This is an updated list of candidates for local, state and federal office in Montgomery County as best as we could determine as of November 7, 2017. This week two Republicans entered district races, a member of the Armenian community joined the county council at-large race – making it at least 26 candidates now – and former Rockville City Mayor, Rose Krasnow, becomes the first female to enter the race for County Executive.
For 11 years, Neil Greenberger sat behind a desk at the Montgomery County Council Office Building in Rockville, talking about county policy and presenting the council’s side of the story as its legislative information officer. Now Greenberger is running for the council himself as an at-large candidate and he’s not pulling any punches when it comes to discussing how he thinks the council needs to shape up. “There’s been too much of telling people what they need and a lot less of listening to what voters want,” Greenberger said.
Montgomery County Council District 2 candidate Ed Amatetti is the first Republican among seven approved candidates to earn matching public campaign funds in the 2018 Montgomery County elections. To date, the state election board, which manages the Montgomery County program, has disbursed $850,000 in matching public campaign funds from an $11 million fund appropriated by the council.
Maryland has one of the highest household incomes in the U.S., but only 40% of its students met proficiency standards in reading and math on the PARCC assessments in 2017, a Johns Hopkins University researcher told the Kirwin Commission last week. A $1.46 billion plan using one-on-one and small group and tutoring would help close the gap between top performing students and those who struggle to keep up, the researcher said.
Del. Ana Sol Gutierrez, the first Latina ever elected to the Maryland General Assembly, has jumped into the race for Montgomery County Council. Gutierrez, who is serving in her fourth term as a District 18 representative, filed paperwork Monday with the state elections board to run as a candidate in County Council District 1 using public campaign financing.
Several candidates who voted to support public campaign financing in local elections are opting not to use the funding mechanism for their own campaigns, as they run for local office in Montgomery County. Public campaign financing can be used for the first time in 2018 when Montgomery County voters go to the polls to elect a new county executive and a new nine-member County Council.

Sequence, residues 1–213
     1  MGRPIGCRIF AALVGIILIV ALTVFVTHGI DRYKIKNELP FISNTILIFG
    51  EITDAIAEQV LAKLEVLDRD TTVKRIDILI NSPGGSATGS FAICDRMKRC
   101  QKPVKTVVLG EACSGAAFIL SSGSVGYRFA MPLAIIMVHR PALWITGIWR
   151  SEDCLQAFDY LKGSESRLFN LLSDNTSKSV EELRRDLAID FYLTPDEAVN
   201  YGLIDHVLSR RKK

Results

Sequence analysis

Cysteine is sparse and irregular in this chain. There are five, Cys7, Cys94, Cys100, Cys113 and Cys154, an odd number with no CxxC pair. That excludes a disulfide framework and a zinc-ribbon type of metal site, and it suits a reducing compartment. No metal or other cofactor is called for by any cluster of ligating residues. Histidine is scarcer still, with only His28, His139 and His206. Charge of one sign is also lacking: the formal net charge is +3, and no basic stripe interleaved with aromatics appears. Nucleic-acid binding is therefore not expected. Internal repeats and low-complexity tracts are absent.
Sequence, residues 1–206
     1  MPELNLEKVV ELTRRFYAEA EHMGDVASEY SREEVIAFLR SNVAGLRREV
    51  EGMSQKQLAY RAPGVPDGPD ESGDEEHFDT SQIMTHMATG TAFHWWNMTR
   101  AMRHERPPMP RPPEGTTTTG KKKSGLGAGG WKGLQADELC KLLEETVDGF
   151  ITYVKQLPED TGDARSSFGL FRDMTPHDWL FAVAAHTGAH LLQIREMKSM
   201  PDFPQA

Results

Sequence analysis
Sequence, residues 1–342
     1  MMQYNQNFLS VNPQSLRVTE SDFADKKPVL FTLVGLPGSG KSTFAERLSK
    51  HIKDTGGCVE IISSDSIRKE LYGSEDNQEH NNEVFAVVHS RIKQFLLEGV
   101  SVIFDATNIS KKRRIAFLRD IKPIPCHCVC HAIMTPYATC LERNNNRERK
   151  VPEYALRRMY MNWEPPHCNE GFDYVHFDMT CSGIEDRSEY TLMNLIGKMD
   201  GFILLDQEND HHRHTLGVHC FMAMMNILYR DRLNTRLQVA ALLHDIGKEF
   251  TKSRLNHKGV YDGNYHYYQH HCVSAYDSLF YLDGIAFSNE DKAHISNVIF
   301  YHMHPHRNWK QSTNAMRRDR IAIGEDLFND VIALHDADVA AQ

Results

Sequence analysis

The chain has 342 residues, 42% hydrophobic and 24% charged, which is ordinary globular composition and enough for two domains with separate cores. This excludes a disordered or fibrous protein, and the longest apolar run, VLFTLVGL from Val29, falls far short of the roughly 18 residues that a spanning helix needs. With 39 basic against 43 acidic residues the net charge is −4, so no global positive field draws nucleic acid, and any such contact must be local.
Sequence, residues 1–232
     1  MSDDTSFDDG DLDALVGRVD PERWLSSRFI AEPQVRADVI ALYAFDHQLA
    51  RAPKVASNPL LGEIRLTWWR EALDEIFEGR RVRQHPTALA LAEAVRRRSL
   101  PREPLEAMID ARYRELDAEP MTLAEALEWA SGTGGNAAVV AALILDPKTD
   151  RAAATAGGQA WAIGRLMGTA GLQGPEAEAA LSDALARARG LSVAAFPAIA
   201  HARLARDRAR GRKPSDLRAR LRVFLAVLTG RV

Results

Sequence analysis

Taxpayers are paying for a lengthy study that concluded a proposed $15 minimum wage in Montgomery County would lead to fewer jobs, but which businesses participated in the study isn’t being made public.
The Montgomery County business community blasted the majority of the Montgomery County Council for re-introducing a revised $15 minimum wage bill without waiting for a county-ordered economic impact study. “This is a surprise,” said Gigi Godwin, president of the Montgomery County Chamber of Commerce. “And it’s disappointing. The County Council couldn’t wait for the county government’s report on the facts. Where’s the public policy process? This is baffling.”
After serving as the Montgomery County Council’s legislative information officer for 11 years, Neil Greenberger began a new job Monday in the Public Information Office of the County Executive. But the County Council will continue to pay his $148,000 salary potentially throughout the 2018 fiscal year. Greenberger is now a Democratic at-large candidate for the County Council he served.
A bill recommending three amendments to Montgomery County’s public campaign finance law was introduced by the County Council Tuesday. The same day state election staff urged Montgomery County candidates to wait until Aug, 1 or later, to submit their applications for public campaign financing.